Myanmar military’s bullets killed Pinlaung massacre victims, say anti-regime groups

Bullets used to kill 29 civilians in southern Shan State’s Pinlaung Township last week were manufactured by Myanmar’s military, regime opponents said in a statement on Thursday.

The claim, which comes amid efforts by the junta to blame resistance forces for the March 11 massacre, was made at a press conference jointly held by the shadow National Unity Government (NUG), the Karenni State Consultative Council (KSCC), and the Pa-O National Federal Council.

The three groups said the bullets were discovered during an investigation carried out on Monday after the victims—three of whom were Buddhist monks—were found dead at a monastery in the village of Nanneint following a junta raid.

According to Bo Bo, the spokesperson for the Karenni People’s Police Force, the bullets were found in the bodies of the victims, as well as near where they were killed.

“We could tell they were manufactured by the military from the Burmese letters written on them,” he said, referring to the 5.56mm bullet shells discovered at the scene of the mass killing.

Evidence from the Nanneint village massacre

Dr. Ye Zaw, an NUG health official who conducted autopsies on the victims’ bodies, also confirmed reports that the victims had been tortured before being executed.

He said the bodies were found to have had broken limbs, bruises from being beaten with blunt items, and stab wounds. He added that other evidence suggested they were ultimately killed in an equally brutal manner.

“Deep bullet holes in the walls of the monastery point to the incontrovertible fact that they were shot at a very close range,” he said at the press conference.

Although pro-regime groups initially hailed the incident on social media as “teaching a lesson” to resistance forces active in the area, the junta itself has since portrayed it as the work of groups opposed to its rule.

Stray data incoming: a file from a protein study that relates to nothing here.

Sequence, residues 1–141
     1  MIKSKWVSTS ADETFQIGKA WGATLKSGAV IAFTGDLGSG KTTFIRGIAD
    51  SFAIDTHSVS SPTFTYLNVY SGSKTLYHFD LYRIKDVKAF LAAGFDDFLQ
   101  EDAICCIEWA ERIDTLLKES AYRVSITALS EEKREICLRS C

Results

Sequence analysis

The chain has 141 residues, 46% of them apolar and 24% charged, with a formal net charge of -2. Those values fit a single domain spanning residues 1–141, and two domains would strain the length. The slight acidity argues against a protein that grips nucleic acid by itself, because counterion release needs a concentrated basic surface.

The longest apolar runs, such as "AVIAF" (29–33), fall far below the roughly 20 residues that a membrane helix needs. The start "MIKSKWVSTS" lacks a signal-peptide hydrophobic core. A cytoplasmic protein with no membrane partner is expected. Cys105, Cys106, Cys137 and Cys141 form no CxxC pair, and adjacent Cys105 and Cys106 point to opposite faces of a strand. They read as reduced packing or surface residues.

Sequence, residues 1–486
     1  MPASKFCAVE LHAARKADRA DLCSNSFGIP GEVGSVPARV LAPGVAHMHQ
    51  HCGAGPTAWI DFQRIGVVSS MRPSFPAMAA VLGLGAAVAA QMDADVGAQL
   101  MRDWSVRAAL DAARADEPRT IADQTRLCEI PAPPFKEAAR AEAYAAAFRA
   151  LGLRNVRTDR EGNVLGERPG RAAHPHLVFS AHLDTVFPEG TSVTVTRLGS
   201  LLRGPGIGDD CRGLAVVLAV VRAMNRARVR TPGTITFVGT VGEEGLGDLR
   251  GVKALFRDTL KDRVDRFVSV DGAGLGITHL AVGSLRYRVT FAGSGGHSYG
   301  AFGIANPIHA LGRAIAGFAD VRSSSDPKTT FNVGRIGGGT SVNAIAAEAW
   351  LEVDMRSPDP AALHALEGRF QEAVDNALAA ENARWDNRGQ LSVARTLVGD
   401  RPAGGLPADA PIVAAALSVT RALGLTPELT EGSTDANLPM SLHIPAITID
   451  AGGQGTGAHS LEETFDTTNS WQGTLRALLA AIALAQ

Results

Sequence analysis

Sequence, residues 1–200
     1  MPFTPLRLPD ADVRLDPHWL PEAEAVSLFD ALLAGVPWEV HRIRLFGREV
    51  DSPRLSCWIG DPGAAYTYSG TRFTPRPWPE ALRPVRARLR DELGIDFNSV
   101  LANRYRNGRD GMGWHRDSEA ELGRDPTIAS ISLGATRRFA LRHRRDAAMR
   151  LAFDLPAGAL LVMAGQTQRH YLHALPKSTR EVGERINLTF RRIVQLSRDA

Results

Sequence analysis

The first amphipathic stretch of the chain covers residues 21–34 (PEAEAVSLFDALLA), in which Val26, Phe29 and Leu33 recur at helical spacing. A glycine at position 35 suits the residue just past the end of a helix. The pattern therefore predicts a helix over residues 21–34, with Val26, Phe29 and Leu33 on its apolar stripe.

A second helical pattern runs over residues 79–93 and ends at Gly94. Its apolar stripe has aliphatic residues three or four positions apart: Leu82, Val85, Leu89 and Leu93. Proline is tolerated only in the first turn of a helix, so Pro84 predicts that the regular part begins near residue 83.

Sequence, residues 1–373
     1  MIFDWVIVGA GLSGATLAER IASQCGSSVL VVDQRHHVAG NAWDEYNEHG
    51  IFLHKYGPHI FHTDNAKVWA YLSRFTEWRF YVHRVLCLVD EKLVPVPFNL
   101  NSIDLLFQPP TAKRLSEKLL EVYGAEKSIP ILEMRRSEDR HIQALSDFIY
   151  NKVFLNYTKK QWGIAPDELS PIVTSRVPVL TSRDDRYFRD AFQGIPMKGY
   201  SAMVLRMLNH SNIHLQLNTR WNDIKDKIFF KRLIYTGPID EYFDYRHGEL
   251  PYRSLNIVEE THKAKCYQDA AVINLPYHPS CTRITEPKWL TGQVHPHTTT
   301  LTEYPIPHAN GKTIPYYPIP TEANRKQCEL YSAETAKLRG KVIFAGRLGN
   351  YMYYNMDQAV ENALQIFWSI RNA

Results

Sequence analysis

In a statement, the regime’s spokesperson, Maj-Gen Zaw Min Tun, said the military was merely “providing security” in Nanneint when it came under attack from the Karenni Nationalities Defence Force (KNDF) and other anti-junta groups. 

“When the terrorist groups violently opened fire… some villagers were killed and injured,” he said, without offering evidence of his claims.

The KNDF, which was the first group to reveal the killings in photos posted online a day after the incident, has denied the junta’s accusations.

There has also been an attempt by groups close to the regime to depict the massacre as being racially motivated, as most of its victims were ethnic Pa-O.

On Tuesday, the Pa-O National Organisation (PNO), a group known to have collaborated with the military council, released a statement condemning the KNDF’s actions in the Pa-O region, including its alleged role in the Nanneint incident. A rally held in Taunggyi the following day further amplified this message.

Last week, just days before the attack on Nanneint, junta chief Min Aung Hlaing travelled to the Pa-O region to personally meet with PNO leader Aung Hkam Hti.

Aung San Myint, the chair of the KSCC, said it was clear the military was spreading false claims to cause racial conflict. He called on the public to see through the military’s tactics, and also urged the international community to take serious action against the coup regime.

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